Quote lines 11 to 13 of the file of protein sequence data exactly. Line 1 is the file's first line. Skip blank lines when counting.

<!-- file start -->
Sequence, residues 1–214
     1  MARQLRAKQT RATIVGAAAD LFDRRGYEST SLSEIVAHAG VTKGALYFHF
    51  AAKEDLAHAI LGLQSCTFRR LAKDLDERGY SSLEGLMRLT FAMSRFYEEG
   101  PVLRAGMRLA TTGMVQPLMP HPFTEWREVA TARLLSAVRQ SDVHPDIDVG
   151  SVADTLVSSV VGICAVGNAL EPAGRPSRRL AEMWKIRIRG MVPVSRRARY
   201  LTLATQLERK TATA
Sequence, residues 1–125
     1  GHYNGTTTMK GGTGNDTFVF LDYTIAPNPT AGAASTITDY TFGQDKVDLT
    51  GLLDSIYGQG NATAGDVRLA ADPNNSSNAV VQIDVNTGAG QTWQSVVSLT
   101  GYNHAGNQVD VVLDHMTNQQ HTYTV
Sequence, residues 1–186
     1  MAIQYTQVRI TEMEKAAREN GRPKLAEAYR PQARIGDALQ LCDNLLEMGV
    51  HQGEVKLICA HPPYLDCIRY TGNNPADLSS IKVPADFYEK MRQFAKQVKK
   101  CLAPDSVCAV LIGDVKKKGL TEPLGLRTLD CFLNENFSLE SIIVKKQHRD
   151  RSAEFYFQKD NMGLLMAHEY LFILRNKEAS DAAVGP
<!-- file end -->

Sequence, residues 1–186
     1  MAIQYTQVRI TEMEKAAREN GRPKLAEAYR PQARIGDALQ LCDNLLEMGV
    51  HQGEVKLICA HPPYLDCIRY TGNNPADLSS IKVPADFYEK MRQFAKQVKK